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    Vampire II, 1895, lithograph on China paper, The Epstein Family Collection © Munch Museum/Munch Ellingsen Group/ARS, NY 2009

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    The Vampire (Vampyr), 1895, color lithograph and woodcut with watercolor [trial proof], Ailsa Mellon Bruce Fund and Gift of Lionel C. Epstein © Munch Museum/Munch Ellingsen Group/ARS, NY 2009, 1972.21.1

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    Toward the Forest I, 1897/c. 1913, color woodcut, from two woodblocks, one sawn into three pieces, in blue, green, and yellow beige on wove paper, The Epstein Family Collection © Munch Museum/Munch Ellingsen Group/ARS, NY 2009

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    Toward the Forest I, 1897/1913–1915, color woodcut, from two woodblocks, one sawn into three pieces, in green, pink, yellow, black, chartreuse, and violet on imitation vellum paper, Collection of Catherine Woodard and Nelson Blitz Jr. © Munch Museum/Munch Ellingsen Group/ARS, NY 2009

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    Toward the Forest II, 1915, color woodcut, from one woodblock sawn into three pieces, in brick red, black, olive green, greenish yellow, and violet on imitation vellum paper, The Epstein Family Collection © Munch Museum/Munch Ellingsen Group/ARS, NY 2009

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    Ashes I, 1896, pen lithograph in black with hand coloring on paper, Collection of Catherine Woodard and Nelson Blitz Jr. © Munch Museum/Munch Ellingsen Group/ARS, NY 2009

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    Ashes II, 1899/1899 or later, lithograph in black with hand coloring on olive green wove paper, The Epstein Family Collection © Munch Museum/Munch Ellingsen Group/ARS, NY 2009

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    Madonna, 1895/1896, lithograph in black with hand coloring on green card, The Epstein Family Collection © Munch Museum/Munch Ellingsen Group/ARS, NY 2009

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    Madonna, 1895, color lithograph and woodcut [1902 printing] on oriental paper: lithograph printed from 3 stones in beige, red, and black; woodcut printed from 1 block in blue, The Epstein Family Collection © Munch Museum/Munch Ellingsen Group/ARS, NY 2009, 1990.26.2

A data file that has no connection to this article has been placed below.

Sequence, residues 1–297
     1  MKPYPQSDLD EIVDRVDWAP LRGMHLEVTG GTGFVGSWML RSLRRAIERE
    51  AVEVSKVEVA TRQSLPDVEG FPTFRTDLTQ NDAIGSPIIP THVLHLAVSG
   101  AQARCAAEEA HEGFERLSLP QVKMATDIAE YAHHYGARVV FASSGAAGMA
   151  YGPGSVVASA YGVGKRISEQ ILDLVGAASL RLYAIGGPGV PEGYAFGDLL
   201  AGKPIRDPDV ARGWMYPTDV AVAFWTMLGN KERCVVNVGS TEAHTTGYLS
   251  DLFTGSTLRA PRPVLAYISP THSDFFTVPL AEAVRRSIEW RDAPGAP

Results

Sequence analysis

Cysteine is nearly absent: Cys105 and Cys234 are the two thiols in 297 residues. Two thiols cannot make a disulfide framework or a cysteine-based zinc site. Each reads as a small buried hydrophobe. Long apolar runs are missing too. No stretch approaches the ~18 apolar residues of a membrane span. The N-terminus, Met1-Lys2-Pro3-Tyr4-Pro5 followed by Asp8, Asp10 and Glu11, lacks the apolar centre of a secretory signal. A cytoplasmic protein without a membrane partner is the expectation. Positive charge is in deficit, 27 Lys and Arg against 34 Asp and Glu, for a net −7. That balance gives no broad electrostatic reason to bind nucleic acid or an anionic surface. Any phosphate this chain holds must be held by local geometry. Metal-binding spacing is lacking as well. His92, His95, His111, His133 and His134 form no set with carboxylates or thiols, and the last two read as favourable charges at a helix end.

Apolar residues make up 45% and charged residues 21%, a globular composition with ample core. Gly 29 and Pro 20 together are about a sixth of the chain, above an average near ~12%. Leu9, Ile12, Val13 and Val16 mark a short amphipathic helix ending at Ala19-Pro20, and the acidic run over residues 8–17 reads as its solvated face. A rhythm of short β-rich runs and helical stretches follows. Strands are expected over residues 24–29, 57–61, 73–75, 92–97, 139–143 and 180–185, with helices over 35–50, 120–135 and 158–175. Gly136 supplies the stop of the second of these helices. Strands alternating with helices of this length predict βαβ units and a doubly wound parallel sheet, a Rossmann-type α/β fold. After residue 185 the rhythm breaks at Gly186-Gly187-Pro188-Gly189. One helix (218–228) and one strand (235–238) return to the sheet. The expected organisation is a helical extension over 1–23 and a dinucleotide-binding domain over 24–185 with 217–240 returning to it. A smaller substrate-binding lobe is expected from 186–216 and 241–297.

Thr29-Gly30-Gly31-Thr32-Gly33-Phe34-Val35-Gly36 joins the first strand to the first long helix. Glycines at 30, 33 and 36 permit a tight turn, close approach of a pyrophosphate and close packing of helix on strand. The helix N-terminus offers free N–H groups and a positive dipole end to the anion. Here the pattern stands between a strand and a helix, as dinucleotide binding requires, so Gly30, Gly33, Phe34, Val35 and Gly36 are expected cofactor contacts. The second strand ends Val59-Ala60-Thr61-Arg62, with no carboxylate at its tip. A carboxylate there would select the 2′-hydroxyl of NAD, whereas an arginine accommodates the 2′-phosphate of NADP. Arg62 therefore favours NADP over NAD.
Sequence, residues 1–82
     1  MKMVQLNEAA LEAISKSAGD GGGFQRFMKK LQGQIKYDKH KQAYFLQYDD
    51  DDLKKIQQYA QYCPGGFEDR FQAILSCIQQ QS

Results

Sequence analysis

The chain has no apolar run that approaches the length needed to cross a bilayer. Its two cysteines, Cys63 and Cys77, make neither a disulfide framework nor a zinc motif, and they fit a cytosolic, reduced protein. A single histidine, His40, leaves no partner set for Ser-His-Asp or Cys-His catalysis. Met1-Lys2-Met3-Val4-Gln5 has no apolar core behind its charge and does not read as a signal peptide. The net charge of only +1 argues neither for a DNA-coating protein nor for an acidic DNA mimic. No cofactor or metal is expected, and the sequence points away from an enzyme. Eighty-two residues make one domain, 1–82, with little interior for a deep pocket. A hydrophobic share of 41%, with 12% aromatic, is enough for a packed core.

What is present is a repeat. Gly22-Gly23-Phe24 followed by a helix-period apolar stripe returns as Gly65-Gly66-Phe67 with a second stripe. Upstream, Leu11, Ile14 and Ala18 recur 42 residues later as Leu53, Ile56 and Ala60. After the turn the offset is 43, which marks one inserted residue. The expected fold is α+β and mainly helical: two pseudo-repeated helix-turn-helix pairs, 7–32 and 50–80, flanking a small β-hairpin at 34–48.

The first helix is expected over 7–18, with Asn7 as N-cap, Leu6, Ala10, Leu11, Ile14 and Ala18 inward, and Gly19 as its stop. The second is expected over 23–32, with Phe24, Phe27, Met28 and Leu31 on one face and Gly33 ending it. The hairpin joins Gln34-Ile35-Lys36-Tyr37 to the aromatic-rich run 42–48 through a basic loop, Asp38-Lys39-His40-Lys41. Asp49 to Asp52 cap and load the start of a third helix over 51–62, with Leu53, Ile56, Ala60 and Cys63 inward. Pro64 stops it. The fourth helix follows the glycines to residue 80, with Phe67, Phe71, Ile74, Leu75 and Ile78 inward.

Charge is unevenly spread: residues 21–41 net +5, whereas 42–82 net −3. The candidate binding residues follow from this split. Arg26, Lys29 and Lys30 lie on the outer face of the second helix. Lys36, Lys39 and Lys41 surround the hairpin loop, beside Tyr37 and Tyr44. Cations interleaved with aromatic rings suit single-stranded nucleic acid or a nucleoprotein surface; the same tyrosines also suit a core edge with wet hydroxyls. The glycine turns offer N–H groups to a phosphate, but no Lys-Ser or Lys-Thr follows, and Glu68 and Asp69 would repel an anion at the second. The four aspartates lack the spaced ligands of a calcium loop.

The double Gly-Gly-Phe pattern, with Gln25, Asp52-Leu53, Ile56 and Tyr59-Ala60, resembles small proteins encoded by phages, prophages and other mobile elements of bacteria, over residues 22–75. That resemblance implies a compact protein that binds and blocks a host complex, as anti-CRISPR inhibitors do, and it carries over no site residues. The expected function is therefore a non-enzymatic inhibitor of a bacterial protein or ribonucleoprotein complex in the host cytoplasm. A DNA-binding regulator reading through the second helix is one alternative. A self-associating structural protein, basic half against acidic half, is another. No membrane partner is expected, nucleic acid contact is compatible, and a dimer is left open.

THIS EXHIBITION IS NO LONGER ON VIEW AT THE NATIONAL GALLERY.

Overview: Edvard Munch is renowned for his haunting portrayals of love, alienation, jealousy, and death—universal human experiences that he filtered through events in his own life. By manipulating color, line, texture, and pictorial details, he reworked these images in multiple print variations, continually renewing their power to express his artistic goals.

In this fascinating exhibition, the National Gallery of Art brings together nearly 60 of Munch's most important prints to show how his persistent experimentation and virtuosic handling of woodcut, lithography, and intaglio endowed different impressions of his primary motifs with new meanings. Exploring these transformations in several series of Munch's prints, selected not only from its own superb holdings but also from two exceptional private collections, the curators of this exhibition offer a richer and more nuanced appreciation for this great Norwegian master.

Organization: Organized by the National Gallery of Art.

Sponsor: The National Gallery of Art Gallery expresses its appreciation to the Epstein Family and to Catherine Woodard and Nelson Blitz Jr. for their generous loans and support, which have made possible this exhibition.

Image: Edvard Munch, The Vampire (Vampyr), 1895, color lithograph and woodcut with watercolor [trial proof], Ailsa Mellon Bruce Fund and Gift of Lionel C. Epstein, 1972.21.1

Audio/Video

In Conversation: Edvard Munch: Master Prints
Andrew Robison, Andrew W. Mellon Senior Curator of Prints and Drawings, National Gallery of Art, and Elizabeth Prelinger, Keyser Family Professor of Art History at Georgetown University